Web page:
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Film600
Film600: Wrong Subjects + Bad Theories

I'll will work on semiotics pages, when I teach Film & Movies again (Spring 2003 -- see the bottom of this table for details).

I use semio-pages in Film&Drama, THR470 Film Directing and even in 200X Aesthetics Core Class. Only the BASICS, to get a sense what film language is about. Next time I am to touch this subject is in the Spring 2001 -- Virtual Theatre Special Topics. The updates are usually done a few months before the course is offered.

I recommend Film Theory and Criticism (5 ed) -- Introductory Readings by Leo Brudy & Marchall Cohen. Oxford U Press, 1999 The Academy (read their papers):

Aristotle
Aristotle: Objective Idealism
Aristotle and Eisenstein?
Plato
Platonism
Plato and Bergman?
Hegel
Last Objective Idealist
... script.vtheatre.net/themes
Kierkeggard
Existentialism
Kierkeggard and Tarkovsky
Marx
Marxism
... neo-marxism : themes/marxism
Rand
Objectivism
... amaricana
Nietzsche
Nietzsche
...

Read Film600 (Bad Theory) pages or my nonfiction like POV (Language of Angels)!

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Summary

2009 updates?
(c)2004:

+ Semio page...

goto : tarkovsky.wetpaint.com wiki
film-philosophy.com

Notes

2005 How to Read a Film by Monaco textbook, chapter 3 & 5 (theory of film language) * 3rd 2000 ed.
Teaching, Writing, Film -- directing + theory, Webbing, 2006

Content copyright protected by Copyscape website plagiarism search

Monaco:

* Concept of "quasi-language" 152 "Film is not a language, but is like language..." (basing on Metz's Flm Language)

IMAGE reading:
1. physiological *
2. ethnographical
3. psychological "'Film is what you can't imagine'" (M. 161) -- "physiological" impact (USA complains about the communist Eisenstein, 20s) * Denotative meaning and "diegesis" (the sum of its denotations) = becuase of RECORDING reality! But paragmatic connotation (HOW to shoot) and syntagmatic connotation (HOW to edit) ask for DIFFERENT imagination?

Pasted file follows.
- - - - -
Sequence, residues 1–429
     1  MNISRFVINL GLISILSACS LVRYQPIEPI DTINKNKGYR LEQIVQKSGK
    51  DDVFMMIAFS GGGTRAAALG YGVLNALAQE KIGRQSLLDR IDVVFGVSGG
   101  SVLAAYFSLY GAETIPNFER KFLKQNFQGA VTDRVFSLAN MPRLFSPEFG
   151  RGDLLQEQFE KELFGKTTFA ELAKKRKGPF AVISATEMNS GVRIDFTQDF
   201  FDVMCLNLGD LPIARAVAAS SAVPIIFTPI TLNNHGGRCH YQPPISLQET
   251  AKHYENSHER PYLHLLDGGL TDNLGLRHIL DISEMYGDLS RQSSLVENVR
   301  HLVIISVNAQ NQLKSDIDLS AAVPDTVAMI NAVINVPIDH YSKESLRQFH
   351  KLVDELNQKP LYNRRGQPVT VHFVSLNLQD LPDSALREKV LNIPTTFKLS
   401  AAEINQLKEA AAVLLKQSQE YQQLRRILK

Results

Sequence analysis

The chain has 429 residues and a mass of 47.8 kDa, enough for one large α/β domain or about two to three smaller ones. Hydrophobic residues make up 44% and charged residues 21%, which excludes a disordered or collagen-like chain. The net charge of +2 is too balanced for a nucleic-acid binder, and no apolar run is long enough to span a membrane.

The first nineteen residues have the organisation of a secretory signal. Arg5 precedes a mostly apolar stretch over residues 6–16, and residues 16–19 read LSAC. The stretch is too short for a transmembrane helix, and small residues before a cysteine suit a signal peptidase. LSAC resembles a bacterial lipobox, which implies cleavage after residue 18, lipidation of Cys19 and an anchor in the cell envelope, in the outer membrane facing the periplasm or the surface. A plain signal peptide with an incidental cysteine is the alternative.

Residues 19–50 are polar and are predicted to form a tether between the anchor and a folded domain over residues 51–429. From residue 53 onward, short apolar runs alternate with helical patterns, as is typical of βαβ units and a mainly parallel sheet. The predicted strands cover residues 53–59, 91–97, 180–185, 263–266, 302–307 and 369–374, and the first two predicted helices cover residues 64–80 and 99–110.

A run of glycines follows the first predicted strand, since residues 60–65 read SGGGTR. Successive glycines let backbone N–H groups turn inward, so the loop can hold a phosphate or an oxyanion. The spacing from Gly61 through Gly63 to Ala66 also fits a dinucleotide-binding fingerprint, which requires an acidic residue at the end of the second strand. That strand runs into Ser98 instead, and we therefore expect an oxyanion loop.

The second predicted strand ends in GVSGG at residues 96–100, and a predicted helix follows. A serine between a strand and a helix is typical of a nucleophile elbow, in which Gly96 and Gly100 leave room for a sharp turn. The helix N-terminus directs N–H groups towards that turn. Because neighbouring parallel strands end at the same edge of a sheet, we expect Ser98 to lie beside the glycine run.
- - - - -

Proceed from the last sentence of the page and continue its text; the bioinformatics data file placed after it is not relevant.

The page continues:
paragmatic = how to "say" it
syntagmatic = how to present what is said (style? )

The obvious: watching some sex act doesn't make it a "porno"... purpose, intent, framing, filming does. Bwcause every "icon" has " index" and "symbol" in it! While comsuming image on the SCREEN becomes a "word" (how different the process from "reading" reality, observing it, and THRU camera?)

"Much of its meaning comes not from what we see (or hear) but from what we don't see, or, more accurately, from an ongoing process of comparison of what we see with what we don't see." (M. 168-169)

Again, "for to speak [film] is partly to invent it." (Go back to "Kuleshov Effect")


What we see on the screen is the diegesis (the narrative world of the film) and it can be divided up into two areas:

I. Mise-en-scne [ primary action, ie the movement of characters/objects within the frame ]

II. Mise-en-shot [ secondary action, ie the movement of the camera ]

* continuity - continuous action shown in sequence [ Hollywood movies tend to go for continuity editing, a style also known as transparency (ie you don't notice it). Actions flow smoothly from one frame to another, and the audience simply follow the dialogue. ]
* montage - a series of seemingly unrelated shots that the audience must work to connect [ the style employed by many art-house films is framed editing, where the audience are continually reminded that they are viewing an artificially created text. Jump cuts, sudden stoppages of sound, juxtapositional shots etc are used to intrude upon the diegetic world ]. * The Language Of Film